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So I have been studying Bach's famous WTC on piano. Even though I really enjoy the preludes and fugues, and I have found some nice preludes to warm up and exercise my touch and fingers, why did Bach put preludes before all the fugues? In some cases I think I have more chance to solve the Navier Stokes equations than to understand why he put that prelude in front of that fugue... Was the prelude literally a "prelude" in the sense of warming up? Or was it simply tradition for Bach to write a prelude before a fugue? Also, I do know that Bach wrote the WTC probably for educational purposes (and maybe as a challenge for himself to write in all keys).

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It's important to remember that the various keys sounded distinct from each other in Bach's day. "Well-tempered" is not the same thing as "equal-tempered." The preludes help introduce the idiosyncrasies of each key in a relatively simple texture before confusing the soundworld with extreme polyphony. They aren't so much warmups for the keyboard player's fingers as they are "warmups" for the listeners' ears. You're correct that there is rarely if ever any sort of motivic connection, but I do think that often the preludes help set a mood which the fugue can either inhabit as well, or contradict in interesting ways.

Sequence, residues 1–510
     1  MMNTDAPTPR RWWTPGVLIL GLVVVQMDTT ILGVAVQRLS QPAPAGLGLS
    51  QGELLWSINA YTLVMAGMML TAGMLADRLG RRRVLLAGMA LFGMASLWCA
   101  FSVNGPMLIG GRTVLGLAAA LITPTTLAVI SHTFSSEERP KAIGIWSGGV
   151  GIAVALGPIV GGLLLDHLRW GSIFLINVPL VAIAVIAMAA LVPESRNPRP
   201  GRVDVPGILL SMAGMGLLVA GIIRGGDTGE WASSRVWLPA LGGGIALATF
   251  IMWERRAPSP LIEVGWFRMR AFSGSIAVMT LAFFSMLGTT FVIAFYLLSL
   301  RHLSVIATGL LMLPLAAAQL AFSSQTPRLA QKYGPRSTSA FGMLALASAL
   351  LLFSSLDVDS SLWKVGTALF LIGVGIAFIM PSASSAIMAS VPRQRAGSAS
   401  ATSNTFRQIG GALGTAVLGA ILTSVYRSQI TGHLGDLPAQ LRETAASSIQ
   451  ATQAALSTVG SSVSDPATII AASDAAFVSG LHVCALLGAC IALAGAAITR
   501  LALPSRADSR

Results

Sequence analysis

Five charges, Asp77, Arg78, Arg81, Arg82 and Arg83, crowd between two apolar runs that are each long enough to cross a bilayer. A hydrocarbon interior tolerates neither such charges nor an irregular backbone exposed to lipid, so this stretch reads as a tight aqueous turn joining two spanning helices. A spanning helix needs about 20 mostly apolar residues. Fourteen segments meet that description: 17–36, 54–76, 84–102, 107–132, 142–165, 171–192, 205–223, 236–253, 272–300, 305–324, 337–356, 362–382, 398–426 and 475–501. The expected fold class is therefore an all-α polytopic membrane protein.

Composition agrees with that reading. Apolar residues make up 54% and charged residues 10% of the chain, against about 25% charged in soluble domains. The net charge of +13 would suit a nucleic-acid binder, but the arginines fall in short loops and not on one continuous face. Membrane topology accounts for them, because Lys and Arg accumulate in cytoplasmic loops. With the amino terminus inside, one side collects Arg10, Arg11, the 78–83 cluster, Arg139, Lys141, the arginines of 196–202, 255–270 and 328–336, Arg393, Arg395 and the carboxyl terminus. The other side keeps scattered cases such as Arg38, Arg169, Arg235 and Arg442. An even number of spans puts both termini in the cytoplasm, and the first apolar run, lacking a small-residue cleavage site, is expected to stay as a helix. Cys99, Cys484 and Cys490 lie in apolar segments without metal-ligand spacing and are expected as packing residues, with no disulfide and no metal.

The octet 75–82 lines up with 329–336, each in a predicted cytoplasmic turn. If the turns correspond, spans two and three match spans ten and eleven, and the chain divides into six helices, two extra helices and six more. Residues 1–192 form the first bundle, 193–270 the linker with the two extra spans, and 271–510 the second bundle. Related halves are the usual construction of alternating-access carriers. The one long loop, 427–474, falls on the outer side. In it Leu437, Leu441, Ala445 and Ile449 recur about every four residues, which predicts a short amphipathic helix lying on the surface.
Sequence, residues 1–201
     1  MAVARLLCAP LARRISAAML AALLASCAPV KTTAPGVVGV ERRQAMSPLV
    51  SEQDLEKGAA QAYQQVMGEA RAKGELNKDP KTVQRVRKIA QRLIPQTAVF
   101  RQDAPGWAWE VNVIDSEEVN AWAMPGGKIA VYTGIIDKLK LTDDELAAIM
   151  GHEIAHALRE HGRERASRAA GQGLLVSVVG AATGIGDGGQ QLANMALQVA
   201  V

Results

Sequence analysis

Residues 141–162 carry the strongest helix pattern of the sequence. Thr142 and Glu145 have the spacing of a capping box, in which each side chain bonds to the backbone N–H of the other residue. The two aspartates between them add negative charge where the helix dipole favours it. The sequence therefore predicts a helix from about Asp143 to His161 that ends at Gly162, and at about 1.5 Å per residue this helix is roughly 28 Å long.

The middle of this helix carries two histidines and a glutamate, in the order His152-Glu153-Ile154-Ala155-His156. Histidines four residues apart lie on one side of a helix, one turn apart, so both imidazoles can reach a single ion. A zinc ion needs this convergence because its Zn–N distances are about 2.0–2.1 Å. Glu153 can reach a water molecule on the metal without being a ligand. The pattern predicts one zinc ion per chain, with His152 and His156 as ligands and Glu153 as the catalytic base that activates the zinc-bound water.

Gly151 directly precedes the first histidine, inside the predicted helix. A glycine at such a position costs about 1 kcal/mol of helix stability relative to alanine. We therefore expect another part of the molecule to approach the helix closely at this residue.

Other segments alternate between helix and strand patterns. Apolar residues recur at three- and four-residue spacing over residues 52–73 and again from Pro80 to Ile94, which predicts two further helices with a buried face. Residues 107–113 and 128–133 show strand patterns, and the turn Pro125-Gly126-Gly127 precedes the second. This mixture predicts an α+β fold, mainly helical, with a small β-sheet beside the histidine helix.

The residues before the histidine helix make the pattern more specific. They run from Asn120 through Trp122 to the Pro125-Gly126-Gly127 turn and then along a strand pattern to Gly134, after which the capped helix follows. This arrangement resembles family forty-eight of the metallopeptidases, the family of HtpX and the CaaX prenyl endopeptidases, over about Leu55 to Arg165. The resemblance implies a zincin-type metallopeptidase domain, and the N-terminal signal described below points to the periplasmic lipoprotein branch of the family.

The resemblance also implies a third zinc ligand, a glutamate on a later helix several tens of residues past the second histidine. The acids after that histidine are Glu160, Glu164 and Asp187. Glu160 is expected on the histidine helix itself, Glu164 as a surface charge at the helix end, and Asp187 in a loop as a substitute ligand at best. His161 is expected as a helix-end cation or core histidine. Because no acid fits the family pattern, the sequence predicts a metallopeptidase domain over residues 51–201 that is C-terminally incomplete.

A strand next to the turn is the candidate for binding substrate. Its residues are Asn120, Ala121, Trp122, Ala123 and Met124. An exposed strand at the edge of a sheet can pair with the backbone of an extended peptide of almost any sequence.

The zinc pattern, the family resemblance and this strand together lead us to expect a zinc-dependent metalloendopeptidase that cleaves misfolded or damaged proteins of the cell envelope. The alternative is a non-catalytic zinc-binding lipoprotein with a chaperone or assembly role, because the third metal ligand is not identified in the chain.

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Bach must be understood in the context of his time. The Baroque Prelude was a common form of the time, and was often improvisatory in nature, similar to a Toccata or a Fantasy. Numerous examples abound, especially in German keyboard music, of preludes coupled with fugues. Aside from key, there really is not meant to be much of connection between the movements.

Here are some examples:

Johann Pachelbel -- Prelude & Fugue in D minor:

Dietrich Buxtehude -- Prelude, Fugue, & Chaconne in C major:

George Fredrick Handel -- Prelude & Fugue:

  • Last video isn't available anymore. – Dom May 15 '18 at 16:57

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